Halfway Mark - The Duchess War by Courtney Milan

The Duchess War - Courtney Milan

OMG this book so far... is so goooooood.


I can't believe it is free. IT IS FREE, YOU GUYS on Nook and Kindle.


Have you ever read a romance novel and felt like it's kind of all the same story, just different character names and settings? Especially historical romance. You know the ones: she's a wallflower, he's a rake. But underneath it all, she's got sass. And underneath it all, he actually has a heart. Only he can truly see how beautiful she is. Only see can see the man he could be. Blah blah blah plot-cakes.

I'm not saying I don't like those books. I have read and will continue to read plenty of them. Because tropes work and they keep us coming back for more. But, every once in awhile, you stumble upon a story that's different.

The Duchess War is that story. Without spoiling too much, I will say that our heroine, Minnie, is a wallflower. But there is a very good, unique reason why she tiptoes around the periphery of society. Our hero, Robert, is definitely not your typical rake. Not even close. He is charming, gentlemanly, intelligent, progressive and... excuse me while I swoon... the very definition of a hero.

And Minnie and Robert together. Sparks. Fly. Yes, Robert is one of the few people who can actually appreciate Minnie for whom she really is, but it's not a simple trope. He is written in such a way--has the kind of character--that makes it believable he would *see* her. Because he's the kind of man who chooses to look beyond mere pretense, to the things beneath all the facade. He's the kind of man who seeks the truth in all things.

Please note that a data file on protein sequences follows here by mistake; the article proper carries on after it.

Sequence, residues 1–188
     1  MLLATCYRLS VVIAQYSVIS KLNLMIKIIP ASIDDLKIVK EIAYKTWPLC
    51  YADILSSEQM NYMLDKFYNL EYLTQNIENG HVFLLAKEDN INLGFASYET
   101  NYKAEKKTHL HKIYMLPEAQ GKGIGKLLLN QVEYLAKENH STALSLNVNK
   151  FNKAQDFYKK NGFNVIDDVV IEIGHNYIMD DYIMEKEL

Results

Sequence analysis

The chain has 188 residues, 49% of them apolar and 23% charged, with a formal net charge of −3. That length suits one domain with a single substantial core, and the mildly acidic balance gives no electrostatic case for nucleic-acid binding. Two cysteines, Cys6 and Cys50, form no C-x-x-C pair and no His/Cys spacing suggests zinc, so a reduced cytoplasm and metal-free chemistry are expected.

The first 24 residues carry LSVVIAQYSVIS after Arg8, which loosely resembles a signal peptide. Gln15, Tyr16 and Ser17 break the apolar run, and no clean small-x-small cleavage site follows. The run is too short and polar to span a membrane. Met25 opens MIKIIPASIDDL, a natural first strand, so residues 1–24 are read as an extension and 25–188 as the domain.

Minnie and Robert have quite a lot of obstacles to navigate to find their way to a happy ending. Very real obstacles. Part of the trick of writing believable historical romance is that you have to get the social norms and expectations--what is acceptable in "good society" and what is not--just right. Sometimes a bit of unraveling at the seams of this concept is necessary to hook contemporary readers. But you can't pull apart the cloth completely or our heros and heroines are left naked in the ballroom--not good ton. Not in any time period.

That being said, The Duchess War does, at some points, tug every so gently at the seams of historical accuracy. But these things are not merely waved away, as some novels might do. Any slight improprieties are addressed, given weight, and explained in a way that makes sense. I, as a high-standing member--in fact, I am the Captain--of the Romance Pants Society, would definitely save a spot for The Duchess War on my dance card. In fact, I would save two.

Can't wait to see where this delightful story goes in the second half. Look forward to my review!